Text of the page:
Miliband 'would move party forward'
David Miliband has told Labour members he would move the party on from the Blair-Brown era if his leadership bid was successful.
In an email to party members the shadow foreign secretary insisted he was "ready to lead" and would "change the way we do politics".
Mr Miliband said that although he respected both Tony Blair and Gordon Brown, "their time has passed".
Mr Blair's memoirs published on Wednesday have reopened old wounds about the Blair-Brown feud during Labour's years in government.
In A Journey, Mr Blair issued a stark warning to the party not to drift to the left and said he believed Labour lost the general election in May because it "stopped being New Labour" under Mr Brown's leadership.
Although he made no endorsement in his memoirs of any of the leadership candidates, Mr Blair's comments will be seen as a mark of support for front-runner Mr Miliband over his brother Ed.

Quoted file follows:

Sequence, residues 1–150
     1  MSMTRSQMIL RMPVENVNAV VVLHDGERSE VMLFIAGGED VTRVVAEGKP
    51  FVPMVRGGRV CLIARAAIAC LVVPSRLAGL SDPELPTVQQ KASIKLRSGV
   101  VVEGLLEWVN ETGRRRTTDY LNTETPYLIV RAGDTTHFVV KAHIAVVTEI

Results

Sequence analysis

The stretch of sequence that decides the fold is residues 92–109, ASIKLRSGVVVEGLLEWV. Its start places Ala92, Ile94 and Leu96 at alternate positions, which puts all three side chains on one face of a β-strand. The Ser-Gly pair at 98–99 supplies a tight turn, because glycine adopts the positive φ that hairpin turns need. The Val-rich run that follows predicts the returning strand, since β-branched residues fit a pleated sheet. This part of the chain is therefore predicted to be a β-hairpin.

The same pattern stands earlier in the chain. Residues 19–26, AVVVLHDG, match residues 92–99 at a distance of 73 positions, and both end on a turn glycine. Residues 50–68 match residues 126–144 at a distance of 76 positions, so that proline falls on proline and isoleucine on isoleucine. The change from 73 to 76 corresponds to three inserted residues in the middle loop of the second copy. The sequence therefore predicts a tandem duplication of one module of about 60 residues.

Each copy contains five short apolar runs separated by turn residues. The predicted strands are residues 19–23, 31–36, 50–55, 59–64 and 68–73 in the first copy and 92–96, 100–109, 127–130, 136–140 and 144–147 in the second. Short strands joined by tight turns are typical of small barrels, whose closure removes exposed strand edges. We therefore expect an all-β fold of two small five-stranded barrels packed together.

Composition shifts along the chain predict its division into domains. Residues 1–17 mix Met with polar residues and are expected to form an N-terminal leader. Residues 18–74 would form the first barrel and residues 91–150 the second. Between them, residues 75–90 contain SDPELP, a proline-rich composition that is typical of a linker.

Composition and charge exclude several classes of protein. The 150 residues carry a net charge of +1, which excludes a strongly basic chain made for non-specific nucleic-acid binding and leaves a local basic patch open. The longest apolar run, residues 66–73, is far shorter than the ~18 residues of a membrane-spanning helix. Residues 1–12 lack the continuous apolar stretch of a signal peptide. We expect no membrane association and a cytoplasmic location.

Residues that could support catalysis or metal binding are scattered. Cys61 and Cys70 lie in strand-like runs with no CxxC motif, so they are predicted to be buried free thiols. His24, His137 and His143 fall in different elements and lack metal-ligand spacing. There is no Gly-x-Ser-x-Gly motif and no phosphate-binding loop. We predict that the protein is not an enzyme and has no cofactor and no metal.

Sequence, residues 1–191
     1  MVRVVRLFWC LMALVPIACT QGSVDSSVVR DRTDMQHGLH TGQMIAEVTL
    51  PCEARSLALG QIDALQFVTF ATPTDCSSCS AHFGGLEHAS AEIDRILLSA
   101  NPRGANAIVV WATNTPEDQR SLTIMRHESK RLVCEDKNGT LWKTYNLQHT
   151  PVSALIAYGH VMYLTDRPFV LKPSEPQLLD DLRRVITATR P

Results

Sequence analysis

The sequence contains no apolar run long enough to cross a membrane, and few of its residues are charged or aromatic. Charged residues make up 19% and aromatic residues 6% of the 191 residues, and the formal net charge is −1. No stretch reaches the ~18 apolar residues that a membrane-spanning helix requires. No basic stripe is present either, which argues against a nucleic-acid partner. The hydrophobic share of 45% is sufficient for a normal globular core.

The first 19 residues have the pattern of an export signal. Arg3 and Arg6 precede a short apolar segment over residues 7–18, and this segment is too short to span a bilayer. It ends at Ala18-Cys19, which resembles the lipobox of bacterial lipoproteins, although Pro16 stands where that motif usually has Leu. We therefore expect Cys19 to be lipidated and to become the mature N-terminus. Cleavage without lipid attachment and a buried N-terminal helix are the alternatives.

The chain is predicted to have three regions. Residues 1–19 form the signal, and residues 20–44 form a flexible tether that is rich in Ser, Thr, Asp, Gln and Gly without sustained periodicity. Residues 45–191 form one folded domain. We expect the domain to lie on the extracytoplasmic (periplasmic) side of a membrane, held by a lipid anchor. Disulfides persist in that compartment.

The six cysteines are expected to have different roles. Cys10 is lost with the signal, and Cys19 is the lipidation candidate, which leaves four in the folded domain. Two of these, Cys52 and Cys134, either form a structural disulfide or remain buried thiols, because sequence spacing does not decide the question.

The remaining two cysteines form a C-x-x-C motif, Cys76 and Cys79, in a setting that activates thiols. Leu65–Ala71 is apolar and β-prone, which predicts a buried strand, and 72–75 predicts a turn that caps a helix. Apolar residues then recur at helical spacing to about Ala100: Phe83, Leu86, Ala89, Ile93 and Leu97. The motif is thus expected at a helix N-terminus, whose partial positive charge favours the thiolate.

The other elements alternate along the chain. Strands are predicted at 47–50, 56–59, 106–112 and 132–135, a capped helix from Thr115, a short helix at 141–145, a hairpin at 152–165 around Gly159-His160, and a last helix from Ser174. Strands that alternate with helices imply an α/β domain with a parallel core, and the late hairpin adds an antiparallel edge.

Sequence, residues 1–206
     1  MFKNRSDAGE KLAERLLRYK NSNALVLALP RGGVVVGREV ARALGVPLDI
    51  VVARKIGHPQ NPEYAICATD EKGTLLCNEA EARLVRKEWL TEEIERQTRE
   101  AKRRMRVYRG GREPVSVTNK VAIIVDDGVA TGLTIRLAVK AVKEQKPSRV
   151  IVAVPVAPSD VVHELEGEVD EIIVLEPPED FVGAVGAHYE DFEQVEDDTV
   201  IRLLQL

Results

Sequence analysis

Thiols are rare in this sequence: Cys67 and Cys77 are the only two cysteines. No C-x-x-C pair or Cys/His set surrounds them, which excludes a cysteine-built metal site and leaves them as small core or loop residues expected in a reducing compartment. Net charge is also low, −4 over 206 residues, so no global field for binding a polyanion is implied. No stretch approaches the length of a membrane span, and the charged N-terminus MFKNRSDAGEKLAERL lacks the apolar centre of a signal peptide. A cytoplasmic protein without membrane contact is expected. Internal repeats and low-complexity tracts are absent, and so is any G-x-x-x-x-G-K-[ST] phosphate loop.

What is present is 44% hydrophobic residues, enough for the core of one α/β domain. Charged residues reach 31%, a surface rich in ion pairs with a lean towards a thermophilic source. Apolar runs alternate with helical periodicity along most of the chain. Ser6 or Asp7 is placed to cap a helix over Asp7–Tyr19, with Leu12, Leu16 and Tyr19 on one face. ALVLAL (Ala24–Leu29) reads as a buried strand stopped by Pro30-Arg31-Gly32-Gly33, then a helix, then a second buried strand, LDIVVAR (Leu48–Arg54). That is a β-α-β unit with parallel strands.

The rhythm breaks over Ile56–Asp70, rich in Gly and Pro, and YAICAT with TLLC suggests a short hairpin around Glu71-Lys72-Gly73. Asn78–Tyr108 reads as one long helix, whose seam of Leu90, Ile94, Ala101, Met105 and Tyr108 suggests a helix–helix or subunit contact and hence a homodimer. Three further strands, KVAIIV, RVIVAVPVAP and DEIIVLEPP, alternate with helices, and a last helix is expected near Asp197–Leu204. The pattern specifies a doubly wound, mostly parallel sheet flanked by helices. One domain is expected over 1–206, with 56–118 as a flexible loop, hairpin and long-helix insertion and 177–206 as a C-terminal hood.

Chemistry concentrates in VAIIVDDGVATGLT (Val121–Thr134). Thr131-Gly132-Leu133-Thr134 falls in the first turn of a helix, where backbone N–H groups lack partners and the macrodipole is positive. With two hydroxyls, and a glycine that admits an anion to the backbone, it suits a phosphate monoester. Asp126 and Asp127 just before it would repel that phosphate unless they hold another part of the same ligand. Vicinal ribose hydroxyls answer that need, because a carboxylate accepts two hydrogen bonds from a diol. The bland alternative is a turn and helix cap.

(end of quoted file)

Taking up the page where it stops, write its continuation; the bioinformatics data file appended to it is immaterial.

But with ballot papers being delivered to party members Mr Miliband said: "I'm sick and tired of the caricature that this leadership election is a choice between rejecting or retaining New Labour. It does a disservice to all of the candidates and, even worse, a disservice to the thousands of members who've been participating in this contest over the last few months and working hard for years."
He said the leadership election was about "pulling together all the talents of our party" rather than "tired old Westminster games".
"I want to change the way we do politics. Because I want to lead a government not a gang, a movement not a machine, where honest debate can be a source of strength, not a sign of weakness," he said.
Urging members to give him their vote he said: "I respect both Tony and Gordon deeply. But their time has passed. Their names do not appear on the leadership ballots. And now we need to stop their achievements being sidelined and their failings holding us back."